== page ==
Your curls are important: from the night out to the night in to the casual day on the beach, your curls can add a ton of bounce to your style. But when you’re in front of your mirror after a quick hair drying session — with all this curling equipment at your fingertips and without an infinite amount of preparation time — it’s hard to know the proper mechanics to create your look.
Which should you use? Your classic curling iron — the one time-honoured, so similar to the one you saw your mother use morning after morning? Or the market’s newly celebrated curling wand — something your friend at the office simply swears by? Let’s take a closer look.
Taking a Closer Look at Curling Iron
The curling iron is one uniform size up and down the barrel, whatever size you chose at the store. The larger the barrel size, the greater the curl, and vice versa. To create a more versatile look, with depth, you have to switch out the greater sizes for the smaller sizes. This means you will probably need a few different utensils.
Usually, longer and medium length hairstyles should opt for the larger barrels, while shorter lengths should utilize the smaller barrels. But the mechanism of the curling iron is incredibly easy and rapid. The curling iron has the clip attached to it. You simply clamp the iron to the bottom of your hair and curl up your head. This allows you to create tension, which allows a smooth, even coil all the way up and down the length.
You slowly unclamp and remove the iron and voila: your springy, tight curl appears. You just have to repeat around your head several times to get your desired look. Each curl should spring about the same way and be the same size, if you’re using the same barrel. The curling iron is incredibly useful for the thicker, already wavy head of hair: it takes more control of each strand.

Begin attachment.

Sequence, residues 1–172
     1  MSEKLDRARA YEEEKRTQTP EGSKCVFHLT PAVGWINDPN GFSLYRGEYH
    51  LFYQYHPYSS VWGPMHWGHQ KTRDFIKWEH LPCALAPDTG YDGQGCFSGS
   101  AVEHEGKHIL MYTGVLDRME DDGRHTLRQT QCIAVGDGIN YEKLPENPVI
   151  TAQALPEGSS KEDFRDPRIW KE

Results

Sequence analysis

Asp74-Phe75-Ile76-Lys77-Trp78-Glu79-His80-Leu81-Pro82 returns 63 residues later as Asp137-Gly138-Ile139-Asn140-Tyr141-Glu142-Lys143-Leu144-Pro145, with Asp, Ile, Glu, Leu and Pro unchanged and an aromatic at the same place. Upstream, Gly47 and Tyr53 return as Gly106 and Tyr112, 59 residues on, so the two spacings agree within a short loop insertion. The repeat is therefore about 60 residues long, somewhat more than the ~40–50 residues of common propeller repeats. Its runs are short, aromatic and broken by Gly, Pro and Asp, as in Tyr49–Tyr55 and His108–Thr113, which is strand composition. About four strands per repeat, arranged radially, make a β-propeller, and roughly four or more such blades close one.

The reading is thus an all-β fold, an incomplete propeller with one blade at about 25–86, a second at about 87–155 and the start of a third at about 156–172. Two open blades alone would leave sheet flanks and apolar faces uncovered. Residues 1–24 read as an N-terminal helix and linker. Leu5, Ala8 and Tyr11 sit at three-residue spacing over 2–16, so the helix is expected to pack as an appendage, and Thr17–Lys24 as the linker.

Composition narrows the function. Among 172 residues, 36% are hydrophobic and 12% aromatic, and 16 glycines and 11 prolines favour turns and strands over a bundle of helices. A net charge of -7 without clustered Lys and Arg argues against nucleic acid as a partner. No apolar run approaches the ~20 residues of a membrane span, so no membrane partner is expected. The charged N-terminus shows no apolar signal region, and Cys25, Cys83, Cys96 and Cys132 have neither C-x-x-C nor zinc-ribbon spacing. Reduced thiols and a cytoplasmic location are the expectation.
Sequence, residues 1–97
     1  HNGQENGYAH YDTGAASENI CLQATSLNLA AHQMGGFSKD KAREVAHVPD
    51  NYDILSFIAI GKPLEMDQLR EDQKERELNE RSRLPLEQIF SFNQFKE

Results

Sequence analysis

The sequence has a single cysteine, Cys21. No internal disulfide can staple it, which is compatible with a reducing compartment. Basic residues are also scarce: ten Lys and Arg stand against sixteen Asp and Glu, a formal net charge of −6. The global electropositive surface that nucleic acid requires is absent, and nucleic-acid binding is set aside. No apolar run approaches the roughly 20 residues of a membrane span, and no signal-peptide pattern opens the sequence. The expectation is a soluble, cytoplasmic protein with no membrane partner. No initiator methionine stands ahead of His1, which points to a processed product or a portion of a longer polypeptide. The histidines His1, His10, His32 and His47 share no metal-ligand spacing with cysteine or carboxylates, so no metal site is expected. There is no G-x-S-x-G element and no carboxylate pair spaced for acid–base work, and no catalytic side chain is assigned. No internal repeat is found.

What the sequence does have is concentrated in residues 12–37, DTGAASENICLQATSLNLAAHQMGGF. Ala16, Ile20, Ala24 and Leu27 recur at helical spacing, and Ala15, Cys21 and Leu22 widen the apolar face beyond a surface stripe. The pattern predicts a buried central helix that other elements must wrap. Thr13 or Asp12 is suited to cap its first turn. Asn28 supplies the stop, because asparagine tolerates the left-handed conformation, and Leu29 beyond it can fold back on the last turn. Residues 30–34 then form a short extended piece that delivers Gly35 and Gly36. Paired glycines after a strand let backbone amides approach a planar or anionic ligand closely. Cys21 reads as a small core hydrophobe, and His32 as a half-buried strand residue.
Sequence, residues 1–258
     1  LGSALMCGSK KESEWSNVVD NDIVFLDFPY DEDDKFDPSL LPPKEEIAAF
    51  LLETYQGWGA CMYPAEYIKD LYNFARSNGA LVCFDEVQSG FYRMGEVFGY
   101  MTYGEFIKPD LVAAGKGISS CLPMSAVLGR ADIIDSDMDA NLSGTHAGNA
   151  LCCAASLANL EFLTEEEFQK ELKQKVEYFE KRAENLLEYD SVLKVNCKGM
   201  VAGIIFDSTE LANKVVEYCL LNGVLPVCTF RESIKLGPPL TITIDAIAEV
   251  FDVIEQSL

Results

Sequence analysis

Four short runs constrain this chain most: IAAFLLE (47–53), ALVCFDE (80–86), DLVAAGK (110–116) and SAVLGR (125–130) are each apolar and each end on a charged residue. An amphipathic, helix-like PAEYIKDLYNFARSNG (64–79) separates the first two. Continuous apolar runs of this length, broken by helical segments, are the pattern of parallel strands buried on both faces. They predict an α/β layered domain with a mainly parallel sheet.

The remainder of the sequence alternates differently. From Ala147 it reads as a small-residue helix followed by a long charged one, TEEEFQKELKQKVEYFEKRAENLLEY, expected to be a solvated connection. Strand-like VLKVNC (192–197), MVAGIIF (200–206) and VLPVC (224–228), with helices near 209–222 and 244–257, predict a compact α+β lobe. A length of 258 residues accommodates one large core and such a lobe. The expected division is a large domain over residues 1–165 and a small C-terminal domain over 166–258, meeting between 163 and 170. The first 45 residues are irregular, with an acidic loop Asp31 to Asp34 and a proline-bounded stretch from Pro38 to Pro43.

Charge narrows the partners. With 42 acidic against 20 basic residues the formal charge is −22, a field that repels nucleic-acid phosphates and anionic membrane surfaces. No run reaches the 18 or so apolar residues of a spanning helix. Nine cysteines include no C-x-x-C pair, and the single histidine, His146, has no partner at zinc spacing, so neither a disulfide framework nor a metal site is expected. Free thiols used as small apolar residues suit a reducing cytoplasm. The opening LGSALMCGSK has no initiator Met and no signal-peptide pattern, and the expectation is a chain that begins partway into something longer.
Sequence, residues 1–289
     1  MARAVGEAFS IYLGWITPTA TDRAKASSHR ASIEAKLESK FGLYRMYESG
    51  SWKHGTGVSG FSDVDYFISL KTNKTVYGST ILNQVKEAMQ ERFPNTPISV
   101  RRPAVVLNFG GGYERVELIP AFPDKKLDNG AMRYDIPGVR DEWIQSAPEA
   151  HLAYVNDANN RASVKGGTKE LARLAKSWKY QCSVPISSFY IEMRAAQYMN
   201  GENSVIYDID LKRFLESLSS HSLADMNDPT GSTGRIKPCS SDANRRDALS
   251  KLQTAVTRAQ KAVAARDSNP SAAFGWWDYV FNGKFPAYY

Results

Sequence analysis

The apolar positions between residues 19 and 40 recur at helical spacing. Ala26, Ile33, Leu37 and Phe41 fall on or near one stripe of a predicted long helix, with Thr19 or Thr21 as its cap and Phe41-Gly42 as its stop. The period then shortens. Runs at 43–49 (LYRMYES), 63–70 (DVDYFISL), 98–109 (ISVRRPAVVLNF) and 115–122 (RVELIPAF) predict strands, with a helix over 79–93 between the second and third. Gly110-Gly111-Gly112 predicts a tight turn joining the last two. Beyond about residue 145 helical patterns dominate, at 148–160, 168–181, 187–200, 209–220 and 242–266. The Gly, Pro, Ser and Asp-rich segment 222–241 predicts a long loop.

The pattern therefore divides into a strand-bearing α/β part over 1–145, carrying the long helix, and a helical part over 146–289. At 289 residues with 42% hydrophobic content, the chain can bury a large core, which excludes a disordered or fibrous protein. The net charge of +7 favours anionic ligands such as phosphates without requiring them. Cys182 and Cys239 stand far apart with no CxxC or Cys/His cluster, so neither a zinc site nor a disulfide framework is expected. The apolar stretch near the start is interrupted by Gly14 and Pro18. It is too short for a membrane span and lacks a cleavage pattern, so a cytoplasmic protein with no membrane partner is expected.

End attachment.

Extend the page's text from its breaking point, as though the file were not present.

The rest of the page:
Of course, the damage of the curling iron’s high heat clamped to the tips of your hair for 5-10 seconds takes its toll: nobody likes the look of dry, dead ends. And using the clamp often initializes some scary breaks in your strands as you coil: the tension is great for your style, but hard on your hair.
Define Your Locks with a Curling Wand
If you’re looking for a little more diversity — without going in for several different barrel-sized curling irons — look no further than the conical shaped curling wand. The base boasts a thicker barrel and descends into a smaller barrel size: this is perfect if you want to create thick curls intermixed with thin, coiled curls.
The wand comes with heat protectant glove. This is important, as, unlike the curling irons of the past, your hands won’t remain on the wand handle. Instead, you will be wrapping, holding your hair in place according to your desired curl size.
The curling wand yields more of a natural, beach wave look. In case of tapered barrel, the wand allows your waves to get skinnier toward the bottom. A curling iron cannot create this beach look at all, instead occasionally forming the strange, creased flip at your hair’s edge. Also, the cohesiveness of the curling iron goes out the window with the wand. Each curl forms differently based on the way you curl it around the barrel, how long you hold it, where you begin and end the curl etc.
You don’t have to curl your whole head, even — for a messier, outdoor look, skip a few strands of hair. You could never get away with this with your trusty curling iron. The wand breaks every rule in the book!
The Final Verdict
Whichever you choose: your wand or your iron, it’s best to always keep up safe curling techniques:
- always wear your glove to avoid burns: those curlers always heat up fast;
- make sure you’re always clean your styling tool. Just use some water and a microfiber cloth for a quick wipe-up after every use. This way, you will prevent any product build up — which will prevent burnt hair tragedies;
- finally, make sure to use a good conditioner: every time. Prevent breakage caused by harmful high-heat. And don’t forget to flaunt those curls! You created them: go show them off.